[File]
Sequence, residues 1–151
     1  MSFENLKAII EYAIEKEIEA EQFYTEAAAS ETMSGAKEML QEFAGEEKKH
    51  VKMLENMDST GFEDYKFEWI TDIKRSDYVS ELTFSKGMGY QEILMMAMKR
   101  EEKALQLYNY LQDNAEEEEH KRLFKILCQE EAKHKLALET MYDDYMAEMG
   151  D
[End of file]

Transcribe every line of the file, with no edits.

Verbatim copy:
Sequence, residues 1–151
     1  MSFENLKAII EYAIEKEIEA EQFYTEAAAS ETMSGAKEML QEFAGEEKKH
    51  VKMLENMDST GFEDYKFEWI TDIKRSDYVS ELTFSKGMGY QEILMMAMKR
   101  EEKALQLYNY LQDNAEEEEH KRLFKILCQE EAKHKLALET MYDDYMAEMG
   151  D